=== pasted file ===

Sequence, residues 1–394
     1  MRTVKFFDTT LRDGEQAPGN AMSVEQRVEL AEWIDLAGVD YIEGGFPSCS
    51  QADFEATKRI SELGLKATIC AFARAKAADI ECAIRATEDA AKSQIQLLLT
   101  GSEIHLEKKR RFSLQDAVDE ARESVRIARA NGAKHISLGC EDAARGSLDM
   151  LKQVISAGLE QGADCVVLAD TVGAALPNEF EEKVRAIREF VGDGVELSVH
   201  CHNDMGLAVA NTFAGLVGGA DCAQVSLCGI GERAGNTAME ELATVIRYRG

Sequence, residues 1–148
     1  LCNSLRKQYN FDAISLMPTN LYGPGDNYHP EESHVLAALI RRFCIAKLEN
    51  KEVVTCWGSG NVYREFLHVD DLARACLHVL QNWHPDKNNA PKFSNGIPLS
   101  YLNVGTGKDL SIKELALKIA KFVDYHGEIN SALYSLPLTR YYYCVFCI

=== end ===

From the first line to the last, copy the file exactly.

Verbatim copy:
Sequence, residues 1–394
     1  MRTVKFFDTT LRDGEQAPGN AMSVEQRVEL AEWIDLAGVD YIEGGFPSCS
    51  QADFEATKRI SELGLKATIC AFARAKAADI ECAIRATEDA AKSQIQLLLT
   101  GSEIHLEKKR RFSLQDAVDE ARESVRIARA NGAKHISLGC EDAARGSLDM
   151  LKQVISAGLE QGADCVVLAD TVGAALPNEF EEKVRAIREF VGDGVELSVH
   201  CHNDMGLAVA NTFAGLVGGA DCAQVSLCGI GERAGNTAME ELATVIRYRG

Sequence, residues 1–148
     1  LCNSLRKQYN FDAISLMPTN LYGPGDNYHP EESHVLAALI RRFCIAKLEN
    51  KEVVTCWGSG NVYREFLHVD DLARACLHVL QNWHPDKNNA PKFSNGIPLS
   101  YLNVGTGKDL SIKELALKIA KFVDYHGEIN SALYSLPLTR YYYCVFCI